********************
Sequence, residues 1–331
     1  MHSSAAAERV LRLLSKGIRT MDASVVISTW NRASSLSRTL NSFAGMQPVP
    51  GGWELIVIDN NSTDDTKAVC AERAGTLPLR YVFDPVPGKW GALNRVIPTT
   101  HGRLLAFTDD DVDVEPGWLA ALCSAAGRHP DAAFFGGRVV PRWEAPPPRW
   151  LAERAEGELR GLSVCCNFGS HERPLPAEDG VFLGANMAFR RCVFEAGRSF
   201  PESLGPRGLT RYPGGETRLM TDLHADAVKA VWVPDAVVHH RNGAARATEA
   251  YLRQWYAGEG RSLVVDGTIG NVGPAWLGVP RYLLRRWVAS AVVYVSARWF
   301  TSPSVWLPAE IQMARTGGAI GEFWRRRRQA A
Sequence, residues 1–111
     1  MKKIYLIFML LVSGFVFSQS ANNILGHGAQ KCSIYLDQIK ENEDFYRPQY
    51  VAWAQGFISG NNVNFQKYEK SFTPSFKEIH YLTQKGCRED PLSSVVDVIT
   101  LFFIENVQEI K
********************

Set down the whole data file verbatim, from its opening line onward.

Sequence, residues 1–331
     1  MHSSAAAERV LRLLSKGIRT MDASVVISTW NRASSLSRTL NSFAGMQPVP
    51  GGWELIVIDN NSTDDTKAVC AERAGTLPLR YVFDPVPGKW GALNRVIPTT
   101  HGRLLAFTDD DVDVEPGWLA ALCSAAGRHP DAAFFGGRVV PRWEAPPPRW
   151  LAERAEGELR GLSVCCNFGS HERPLPAEDG VFLGANMAFR RCVFEAGRSF
   201  PESLGPRGLT RYPGGETRLM TDLHADAVKA VWVPDAVVHH RNGAARATEA
   251  YLRQWYAGEG RSLVVDGTIG NVGPAWLGVP RYLLRRWVAS AVVYVSARWF
   301  TSPSVWLPAE IQMARTGGAI GEFWRRRRQA A
Sequence, residues 1–111
     1  MKKIYLIFML LVSGFVFSQS ANNILGHGAQ KCSIYLDQIK ENEDFYRPQY
    51  VAWAQGFISG NNVNFQKYEK SFTPSFKEIH YLTQKGCRED PLSSVVDVIT
   101  LFFIENVQEI K